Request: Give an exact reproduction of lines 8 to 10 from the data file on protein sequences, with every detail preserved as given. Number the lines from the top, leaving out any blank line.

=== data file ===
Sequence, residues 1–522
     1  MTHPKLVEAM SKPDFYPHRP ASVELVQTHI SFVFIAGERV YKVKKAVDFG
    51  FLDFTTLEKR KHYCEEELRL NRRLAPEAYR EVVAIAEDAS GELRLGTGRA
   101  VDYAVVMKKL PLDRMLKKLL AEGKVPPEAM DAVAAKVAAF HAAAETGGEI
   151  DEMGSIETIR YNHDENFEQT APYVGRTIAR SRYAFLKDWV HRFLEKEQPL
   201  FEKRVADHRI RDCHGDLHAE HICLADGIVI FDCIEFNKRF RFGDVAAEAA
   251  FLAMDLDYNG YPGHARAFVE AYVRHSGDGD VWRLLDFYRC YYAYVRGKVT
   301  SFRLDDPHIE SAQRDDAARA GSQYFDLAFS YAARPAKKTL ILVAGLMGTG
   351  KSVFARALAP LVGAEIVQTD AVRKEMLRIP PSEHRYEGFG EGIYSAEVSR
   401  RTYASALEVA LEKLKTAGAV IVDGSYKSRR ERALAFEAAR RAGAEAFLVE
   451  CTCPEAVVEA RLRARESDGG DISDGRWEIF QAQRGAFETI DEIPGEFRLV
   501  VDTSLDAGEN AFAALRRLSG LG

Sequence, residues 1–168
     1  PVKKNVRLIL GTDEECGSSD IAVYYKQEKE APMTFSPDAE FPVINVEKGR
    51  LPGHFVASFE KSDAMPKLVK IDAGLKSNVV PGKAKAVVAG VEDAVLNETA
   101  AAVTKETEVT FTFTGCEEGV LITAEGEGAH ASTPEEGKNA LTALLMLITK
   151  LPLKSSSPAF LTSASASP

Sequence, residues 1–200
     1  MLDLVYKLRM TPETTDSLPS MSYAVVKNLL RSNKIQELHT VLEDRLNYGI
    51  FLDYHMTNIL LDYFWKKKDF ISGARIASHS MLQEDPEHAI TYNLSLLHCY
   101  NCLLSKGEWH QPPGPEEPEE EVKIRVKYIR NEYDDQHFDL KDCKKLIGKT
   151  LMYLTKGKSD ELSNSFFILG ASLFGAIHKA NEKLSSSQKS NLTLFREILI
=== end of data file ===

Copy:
   301  SFRLDDPHIE SAQRDDAARA GSQYFDLAFS YAARPAKKTL ILVAGLMGTG
   351  KSVFARALAP LVGAEIVQTD AVRKEMLRIP PSEHRYEGFG EGIYSAEVSR
   401  RTYASALEVA LEKLKTAGAV IVDGSYKSRR ERALAFEAAR RAGAEAFLVE